Discussing the #Uncomfortable
Feminism focuses on the social, political, economic, and educational equality of everyone.
Initially, non-colored women lead the feminist movement; consequently, these women reaped more productive results compared to other marginalized female groups within feminist movements. Hence, this lead to the creation of several female lead minority groups, such as Black women, to form their own movement starting from the 1960s.
Black women received not only racial contention from society, but also racial contention within feminist movements (which are supposed to unite many women together collectively); this racism against Black women within the feminist movements stifled the progress of Black women.
Many non-colored women apart of the feminist movement did not want to integrate and publicize any issues that would perceivably “hinder” the achievement of their main goals (e.g., equal pay, childcare, and equitable work opportunities).
Everyone has their own unique issues, and the women that would best know how to promote the Black Feminist cause were the same women who were dealing with the problems of being a Black female day in and day out.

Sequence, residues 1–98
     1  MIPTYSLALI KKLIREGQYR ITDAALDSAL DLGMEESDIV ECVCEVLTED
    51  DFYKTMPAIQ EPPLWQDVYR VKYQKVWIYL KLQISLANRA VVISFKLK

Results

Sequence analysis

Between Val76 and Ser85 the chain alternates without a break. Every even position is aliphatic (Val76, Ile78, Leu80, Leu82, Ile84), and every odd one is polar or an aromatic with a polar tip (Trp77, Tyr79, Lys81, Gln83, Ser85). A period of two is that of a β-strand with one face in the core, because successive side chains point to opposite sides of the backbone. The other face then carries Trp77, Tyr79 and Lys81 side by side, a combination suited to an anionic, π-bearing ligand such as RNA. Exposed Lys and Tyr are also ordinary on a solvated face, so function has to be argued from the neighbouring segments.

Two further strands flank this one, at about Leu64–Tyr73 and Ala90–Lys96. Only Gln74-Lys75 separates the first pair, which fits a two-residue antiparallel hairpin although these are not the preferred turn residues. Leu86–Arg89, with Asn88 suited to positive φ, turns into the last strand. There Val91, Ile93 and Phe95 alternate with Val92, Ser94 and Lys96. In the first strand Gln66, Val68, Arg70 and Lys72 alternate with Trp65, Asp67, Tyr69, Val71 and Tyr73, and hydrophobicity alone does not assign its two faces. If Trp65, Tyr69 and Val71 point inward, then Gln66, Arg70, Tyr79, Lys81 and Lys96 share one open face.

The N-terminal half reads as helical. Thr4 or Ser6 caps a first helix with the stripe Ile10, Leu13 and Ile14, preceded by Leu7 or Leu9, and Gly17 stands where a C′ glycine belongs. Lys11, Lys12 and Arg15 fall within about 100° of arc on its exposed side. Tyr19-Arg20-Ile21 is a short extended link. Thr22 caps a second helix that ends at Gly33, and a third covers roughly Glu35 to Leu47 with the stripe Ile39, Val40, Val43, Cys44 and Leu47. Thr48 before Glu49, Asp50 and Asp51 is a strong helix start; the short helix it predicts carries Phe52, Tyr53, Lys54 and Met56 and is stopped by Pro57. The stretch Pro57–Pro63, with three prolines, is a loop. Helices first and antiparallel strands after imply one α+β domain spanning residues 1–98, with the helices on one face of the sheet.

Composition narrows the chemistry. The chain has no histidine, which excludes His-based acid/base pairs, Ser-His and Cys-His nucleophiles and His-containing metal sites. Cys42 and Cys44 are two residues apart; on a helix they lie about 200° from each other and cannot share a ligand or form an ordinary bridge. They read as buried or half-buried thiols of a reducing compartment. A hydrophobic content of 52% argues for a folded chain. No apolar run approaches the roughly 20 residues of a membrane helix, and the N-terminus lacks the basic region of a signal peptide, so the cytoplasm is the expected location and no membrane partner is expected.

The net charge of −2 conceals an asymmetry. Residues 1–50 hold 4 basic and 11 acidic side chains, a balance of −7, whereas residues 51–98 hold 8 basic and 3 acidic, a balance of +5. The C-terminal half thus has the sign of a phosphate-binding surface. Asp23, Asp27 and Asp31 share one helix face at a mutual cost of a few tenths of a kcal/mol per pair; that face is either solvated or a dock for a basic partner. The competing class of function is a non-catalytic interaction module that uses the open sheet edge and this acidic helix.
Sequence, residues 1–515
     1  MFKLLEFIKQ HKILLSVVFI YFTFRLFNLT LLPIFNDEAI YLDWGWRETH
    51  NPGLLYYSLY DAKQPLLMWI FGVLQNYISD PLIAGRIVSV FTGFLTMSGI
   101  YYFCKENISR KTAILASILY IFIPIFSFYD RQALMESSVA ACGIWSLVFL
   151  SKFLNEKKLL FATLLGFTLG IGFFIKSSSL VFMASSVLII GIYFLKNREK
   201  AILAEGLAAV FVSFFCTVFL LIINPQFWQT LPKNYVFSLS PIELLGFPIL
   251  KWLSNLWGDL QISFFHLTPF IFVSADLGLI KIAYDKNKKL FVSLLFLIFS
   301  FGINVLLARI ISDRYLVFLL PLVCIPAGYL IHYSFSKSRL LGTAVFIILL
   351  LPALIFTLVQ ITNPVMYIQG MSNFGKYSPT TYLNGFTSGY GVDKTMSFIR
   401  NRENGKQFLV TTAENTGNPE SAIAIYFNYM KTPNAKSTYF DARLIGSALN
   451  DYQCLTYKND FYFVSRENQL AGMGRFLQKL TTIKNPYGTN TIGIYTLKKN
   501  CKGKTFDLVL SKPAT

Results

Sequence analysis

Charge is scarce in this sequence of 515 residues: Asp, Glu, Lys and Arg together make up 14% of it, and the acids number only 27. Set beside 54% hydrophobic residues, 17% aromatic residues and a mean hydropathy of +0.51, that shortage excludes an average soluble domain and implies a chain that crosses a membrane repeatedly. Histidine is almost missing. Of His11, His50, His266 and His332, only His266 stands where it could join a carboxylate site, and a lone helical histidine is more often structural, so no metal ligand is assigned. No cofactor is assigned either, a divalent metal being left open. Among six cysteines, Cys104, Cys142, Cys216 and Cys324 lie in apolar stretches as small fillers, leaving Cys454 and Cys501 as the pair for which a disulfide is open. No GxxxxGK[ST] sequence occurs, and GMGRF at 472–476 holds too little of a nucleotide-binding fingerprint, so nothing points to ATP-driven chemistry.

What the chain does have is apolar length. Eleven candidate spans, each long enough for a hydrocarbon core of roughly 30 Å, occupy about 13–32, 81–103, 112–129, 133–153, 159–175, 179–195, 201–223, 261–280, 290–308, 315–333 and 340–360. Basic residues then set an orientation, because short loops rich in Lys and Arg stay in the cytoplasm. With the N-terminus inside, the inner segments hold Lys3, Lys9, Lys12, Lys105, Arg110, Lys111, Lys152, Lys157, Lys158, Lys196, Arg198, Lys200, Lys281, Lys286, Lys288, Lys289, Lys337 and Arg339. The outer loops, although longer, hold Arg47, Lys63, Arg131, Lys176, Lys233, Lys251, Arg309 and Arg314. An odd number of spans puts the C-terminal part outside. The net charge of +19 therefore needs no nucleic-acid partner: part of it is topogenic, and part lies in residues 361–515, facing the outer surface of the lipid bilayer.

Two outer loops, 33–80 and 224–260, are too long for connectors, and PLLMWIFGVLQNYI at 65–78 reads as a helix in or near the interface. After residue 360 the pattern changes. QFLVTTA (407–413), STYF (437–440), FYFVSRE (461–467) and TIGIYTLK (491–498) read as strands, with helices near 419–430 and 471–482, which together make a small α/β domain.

Enlightened African-American women felt left out of the Feminist Movement. Yes, the Feminist Movement tackled issues such as pay inequality and the right to vote, but racial and social equality were not matters highlighted. Black women could not enjoy many of the successes of the feminist movement because they were not only women but women of color; Consequently, Black women were farther behind non-colored women in trying to achieve equality.
Some of the critical issues Black women face (even today) include: the intersectionality of racism, lower social/class status compared to non-colored women, sexual oppression, and pay inequality not only with men but women who are not Black.